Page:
In what has become tradition on this little blog of mine, the summer season brings us a lot of nostalgia on the silver screen. In the present, that means a slew of sequels and remakes and reboots coming on a near weekly basis. For these purposes, it means taking a look back on the movie summers of 30, 20, and 10 years ago.
As has been written in previous years, I’m listing the top ten hits as well as other notable pics and some flops. One thing is for sure about 1989. It will forever be known as the summer of the Batman and that blockbuster influenced what has become the predominant genre of the 21st century.
A recap of 1999 and 2009 will follow soon, but we start with what audiences were watching three decades ago.
10. Uncle Buck
Domestic Gross: $66 million
John Candy had one of his most notable headlining roles in this John Hughes family friendly comedy that also introduced the world to Macaulay Culkin. No sequel followed, but a short-lived TV series did.
9. Turner & Hooch
Domestic Gross: $71 million
Shortly before Tom Hanks started collecting Oscars and doing primarily dramatic work, he was still known for comedy in the late 80s. This one teamed him with a dog in a buddy comedy that followed the similarly themed with K–9 with Jim Belushi from three months earlier. This one made a bit more cash.
8. When Harry Met Sally…
Domestic Gross: $92 million
Rob Reiner’s romantic comedy (scripted by Nora Ephron) is considered one of the genre’s landmarks. Billy Crystal and Meg Ryan headlined with a diner scene that has become quite iconic.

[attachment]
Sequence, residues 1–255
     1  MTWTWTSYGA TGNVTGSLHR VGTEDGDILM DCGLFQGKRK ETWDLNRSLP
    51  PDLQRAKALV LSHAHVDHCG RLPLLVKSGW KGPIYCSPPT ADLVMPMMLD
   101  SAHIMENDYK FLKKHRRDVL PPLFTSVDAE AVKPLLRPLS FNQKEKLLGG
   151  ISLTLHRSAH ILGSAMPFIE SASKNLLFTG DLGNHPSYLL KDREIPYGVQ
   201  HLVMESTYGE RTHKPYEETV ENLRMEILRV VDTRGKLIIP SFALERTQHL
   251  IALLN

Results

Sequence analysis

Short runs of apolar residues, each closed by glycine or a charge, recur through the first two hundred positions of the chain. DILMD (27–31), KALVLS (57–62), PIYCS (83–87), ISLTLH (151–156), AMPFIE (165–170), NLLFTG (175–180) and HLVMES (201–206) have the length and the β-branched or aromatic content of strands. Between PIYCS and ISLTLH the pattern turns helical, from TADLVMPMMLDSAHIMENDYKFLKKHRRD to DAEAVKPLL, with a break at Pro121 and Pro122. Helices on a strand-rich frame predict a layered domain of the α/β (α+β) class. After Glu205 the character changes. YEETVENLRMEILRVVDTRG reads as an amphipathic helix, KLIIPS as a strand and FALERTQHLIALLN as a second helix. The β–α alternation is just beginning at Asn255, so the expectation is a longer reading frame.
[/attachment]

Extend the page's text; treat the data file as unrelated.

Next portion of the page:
7. Dead Poets Society
Domestic Gross: $95 million
Robin Williams seized the day and an Oscar nomination for his portrayal of an unorthodox English teacher in Peter Weir’s film, which also nabbed a nod for Best Picture.
Domestic Gross: $100 million
Ron Howard’s dramedy sported an ensemble cast with Steve Martin and a crowd pleasing vibe. This is a rare pic that spawned two TV shows. The one from 1990 flopped while the 2010 version ran six seasons. Parenthood marks appearance #1 in the top ten for Rick Moranis.
5. Ghostbusters II
Domestic Gross: $112 million
The eagerly awaited sequel to the 1984 phenomenon was a disappointment critically and commercially when considering the original’s $229 million haul. That said, it gives us appearance #2 for Rick Moranis. A direct sequel will follow in 2020.
4. Honey, I Shrunk the Kids
Domestic Gross: $130 million
And we reach the trifecta for Rick Moranis as Disney had an unexpected smash hit here. It stood as the studio’s largest grossing live-action feature for five years. Two less successful sequels followed.
3. Lethal Weapon 2
Domestic Gross: $147 million
Of the four action comedy pairings of Mel Gibson and Danny Glover, part 2 stands as the franchise’s top earner. This one threw Joe Pesci into the mix with sequels that followed in 1992 and 1998.
2. Indiana Jones and the Last Crusade
Domestic Gross: $197 million
While Harrison Ford’s third appearance as his iconic character didn’t match the grosses of Raiders of the Lost Ark in 1981, it did earn more than 1984 predecessor Temple of Doom. Pairing Indy with his dad played by Sean Connery, the character wouldn’t make it to the screen again until Steven Spielberg and Ford teamed up again 19 years later.